197 Stephanie's Conversion    First Aired: February 18, 1979
Writers: Patt Shea, Harriett Weiss
Director: Paul Bogart
Guest Stars: Clyde Kusatsu, Michael Mann

Archie is forced to reevaluate his religious prejudice after Stephanie tries to conceal the fact that she's Jewish.


198 Edith Gets Fired    First Aired: February 25, 1979
Writers: Patt Shea, Harriett Weiss
Story: Mort Lachman
Director: Paul Bogart
Guest Stars: Angela Clarke, Dolores Sutton, Michael McGuire, Leonard Stone, Victor Kilian, Gerald Castillo

Edith loses her job at the Sunshine Home after she honors an invalid woman's final wish to be allowed to die with dignity.


199 The Best of All in the Family    First Aired: March 4, 1979

(ninety-minute special)
Director: Walter Miller
Guest Star: Norman Lear

Norman Lear hosts an affectionate look at the high points of his ground-breaking TV series.


200 The Return of Archie's Brother    First Aired: March 11, 1979
Writers: Bob Schiller, Bob Weiskopf
Story: Bob Schiller, Bob Weiskopf, Tom Sawyer
Director: Paul Bogart
Guest Stars: Richard Mackenzie, Ellissa Leeds

Archie's brother, Fred, arrives with his latest wife--a child bride of eighteen.


201 The Family Next Door    First Aired: March 18, 1979
Writers: Mel Tolkin, Larry Rhine
Director: Paul Bogart
Guest Stars: Richard Ward, David Byrd, Isabel Sanford, Janet MacLachlan

Archie hits the roof when Edith rents out the old Jefferson house to a black couple.


202 The Return of Stephanie's Father    First Aired: March 25, 1979
Writers: Mel Tolkin, Larry Rhine
Director: Paul Bogart
Guest Stars: Ben Stack, Victor Kilian, Rick Plastina, Charles Wagenheim, Hugh McPhillips

Stephanie's father, Floyd, finally arrives with a devastating proposition for the Bunkers: They can keep Stephanie if they agree to pay him $1000 cash!


203 Too-Good Edith    First Aired: April 8, 1979
Writers: Patt Shea, Harriett Weiss
Director: Paul Bogart
Guest Star: George Wyner

Archie is hurt and outraged when Edith tries to hide a serious illness from him.

There's a funny exchange between Archie and Edith in one of the very last episodes that reveals with pristine clarity the underlying optimism of the show. Archie is railing at the top of his lungs--dead-set against befriending the black family that's just moved in next door. Edith patiently waits for him to finish and continues preparing sandwiches for the new neighbors.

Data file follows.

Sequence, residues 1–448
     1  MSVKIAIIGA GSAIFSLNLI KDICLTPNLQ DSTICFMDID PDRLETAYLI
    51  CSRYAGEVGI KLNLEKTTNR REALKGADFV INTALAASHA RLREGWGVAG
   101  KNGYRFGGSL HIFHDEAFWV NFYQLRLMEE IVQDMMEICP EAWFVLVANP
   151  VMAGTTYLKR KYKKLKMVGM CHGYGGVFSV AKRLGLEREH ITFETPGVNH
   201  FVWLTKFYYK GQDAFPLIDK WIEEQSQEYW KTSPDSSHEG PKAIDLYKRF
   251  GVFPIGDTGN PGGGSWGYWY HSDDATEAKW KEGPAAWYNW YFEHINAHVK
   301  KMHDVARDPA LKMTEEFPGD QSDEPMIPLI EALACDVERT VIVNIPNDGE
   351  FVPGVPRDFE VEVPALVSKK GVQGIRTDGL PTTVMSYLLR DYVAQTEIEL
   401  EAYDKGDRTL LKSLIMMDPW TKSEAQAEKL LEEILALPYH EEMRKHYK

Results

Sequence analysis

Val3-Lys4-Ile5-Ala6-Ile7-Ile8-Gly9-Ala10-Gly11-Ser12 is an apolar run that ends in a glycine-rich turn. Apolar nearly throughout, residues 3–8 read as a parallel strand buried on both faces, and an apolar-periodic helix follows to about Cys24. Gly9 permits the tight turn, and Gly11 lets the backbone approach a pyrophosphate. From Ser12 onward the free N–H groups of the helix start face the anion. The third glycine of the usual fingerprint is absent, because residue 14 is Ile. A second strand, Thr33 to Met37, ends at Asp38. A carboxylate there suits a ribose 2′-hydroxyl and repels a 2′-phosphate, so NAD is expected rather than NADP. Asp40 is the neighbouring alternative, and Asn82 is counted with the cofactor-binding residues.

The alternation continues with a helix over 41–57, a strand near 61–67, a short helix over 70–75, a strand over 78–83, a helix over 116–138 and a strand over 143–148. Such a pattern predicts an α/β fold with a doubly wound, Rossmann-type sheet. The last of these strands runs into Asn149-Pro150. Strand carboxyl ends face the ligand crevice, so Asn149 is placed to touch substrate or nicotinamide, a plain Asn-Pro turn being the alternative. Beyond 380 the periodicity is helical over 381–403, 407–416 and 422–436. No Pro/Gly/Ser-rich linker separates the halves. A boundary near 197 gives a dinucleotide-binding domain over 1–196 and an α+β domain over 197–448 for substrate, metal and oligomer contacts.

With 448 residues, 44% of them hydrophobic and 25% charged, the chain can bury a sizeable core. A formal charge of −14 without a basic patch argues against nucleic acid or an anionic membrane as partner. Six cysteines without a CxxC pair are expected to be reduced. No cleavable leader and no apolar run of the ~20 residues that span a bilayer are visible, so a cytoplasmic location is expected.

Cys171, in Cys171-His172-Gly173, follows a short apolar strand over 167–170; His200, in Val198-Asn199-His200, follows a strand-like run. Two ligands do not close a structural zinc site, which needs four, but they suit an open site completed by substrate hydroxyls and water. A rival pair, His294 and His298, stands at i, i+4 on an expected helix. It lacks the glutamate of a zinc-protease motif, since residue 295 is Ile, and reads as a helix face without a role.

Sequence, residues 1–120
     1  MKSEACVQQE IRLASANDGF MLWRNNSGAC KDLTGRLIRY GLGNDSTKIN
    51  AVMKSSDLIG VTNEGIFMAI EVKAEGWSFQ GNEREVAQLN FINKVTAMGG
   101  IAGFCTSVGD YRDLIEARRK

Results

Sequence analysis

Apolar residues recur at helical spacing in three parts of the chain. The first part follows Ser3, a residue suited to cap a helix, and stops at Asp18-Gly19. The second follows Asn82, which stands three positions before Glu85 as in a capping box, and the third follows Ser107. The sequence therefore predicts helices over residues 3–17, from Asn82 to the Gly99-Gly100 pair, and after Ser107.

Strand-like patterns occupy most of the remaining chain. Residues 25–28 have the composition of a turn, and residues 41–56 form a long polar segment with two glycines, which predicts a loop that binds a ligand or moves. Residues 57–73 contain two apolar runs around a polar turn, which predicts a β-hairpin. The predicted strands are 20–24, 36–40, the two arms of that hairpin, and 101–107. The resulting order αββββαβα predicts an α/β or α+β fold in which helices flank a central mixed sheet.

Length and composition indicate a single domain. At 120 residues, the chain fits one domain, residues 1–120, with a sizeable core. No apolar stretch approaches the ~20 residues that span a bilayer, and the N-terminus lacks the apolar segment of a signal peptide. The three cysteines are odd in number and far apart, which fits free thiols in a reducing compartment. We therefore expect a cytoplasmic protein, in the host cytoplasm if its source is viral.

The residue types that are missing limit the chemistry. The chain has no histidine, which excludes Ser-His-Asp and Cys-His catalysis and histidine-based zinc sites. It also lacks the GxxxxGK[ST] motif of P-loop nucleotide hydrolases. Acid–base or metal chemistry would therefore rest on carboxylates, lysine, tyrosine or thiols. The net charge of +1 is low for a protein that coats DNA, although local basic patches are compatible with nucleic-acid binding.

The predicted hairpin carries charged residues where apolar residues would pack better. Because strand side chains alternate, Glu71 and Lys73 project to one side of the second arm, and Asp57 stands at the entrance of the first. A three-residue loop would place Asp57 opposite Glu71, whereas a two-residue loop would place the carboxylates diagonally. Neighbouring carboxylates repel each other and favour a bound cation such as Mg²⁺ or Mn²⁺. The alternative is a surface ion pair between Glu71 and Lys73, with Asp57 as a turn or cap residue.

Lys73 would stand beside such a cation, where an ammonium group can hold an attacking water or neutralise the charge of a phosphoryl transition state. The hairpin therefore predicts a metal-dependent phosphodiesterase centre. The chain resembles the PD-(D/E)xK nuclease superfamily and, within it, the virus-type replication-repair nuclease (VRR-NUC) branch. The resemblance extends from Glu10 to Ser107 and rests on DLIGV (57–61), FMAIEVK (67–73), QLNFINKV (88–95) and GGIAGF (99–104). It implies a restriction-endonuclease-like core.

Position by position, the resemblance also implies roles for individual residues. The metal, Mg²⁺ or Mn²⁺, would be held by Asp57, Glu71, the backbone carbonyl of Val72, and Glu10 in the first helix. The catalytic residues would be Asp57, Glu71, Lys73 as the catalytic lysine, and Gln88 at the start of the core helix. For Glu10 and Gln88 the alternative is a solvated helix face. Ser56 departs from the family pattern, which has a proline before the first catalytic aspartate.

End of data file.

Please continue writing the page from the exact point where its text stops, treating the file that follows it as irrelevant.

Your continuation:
Miffed by her lack of sympathy, Archie moans, "You know damn well there's certain things about me I ain't never gonna change. But you keep asking me to make out like I'm gonna."

Edith pauses, then replies with a comical certainty, "That's right."

And so the series ends as it began, with Archie cursing the darkness, as Edith lights a candle and patiently waits for some small sign of progress. Things haven't really changed much since we first met the Bunkers at their twenty-second anniversary party so many years ago. Then, as now, Archie held forth in blustery ignorance as he demanded that Edith stifle herself at the first sign of rebuttal. And yet there is one small--but very encouraging--difference: This time, it's Edith who gets in the last word.

It's a telling irony that, by the time All in the Family left the air in 1979, so many of the sweeping societal changes that had taken place during our nine years with the Bunkers had alread started to seem like they'd never taken place. The show dawned during the peak of Nixon's reign and reached its inevitable conclusion just as another Republican readied his own assault on the White House.

By the end of the decade, equal opportunity for blacks in television appeared to be just another program trend that had run its course. And for all the vaunted inroads All in the Family made in prime-time sophistication, by 1979 the most-watched show in the land was a slight comedy about a bachelor who shared a disarmingly platonic arrangement with a pair of perky female roommates.

Of course, it was Norman Lear himself who warned against pinning too much hope on what was, after all, just a television show. As he admits, "If a couple thousand years of Judeo-Christian ethic have not solved the problems of bigotry and narrow-mindedness, I'd be a fool to think a little half-hour situation comedy is gonna do the trick."

 

HomeClassic Sitcoms BookstoreAbout Vince WaldronContact UsOther ChannelsImportant Legal StuffComing Soon to This SiteSite Map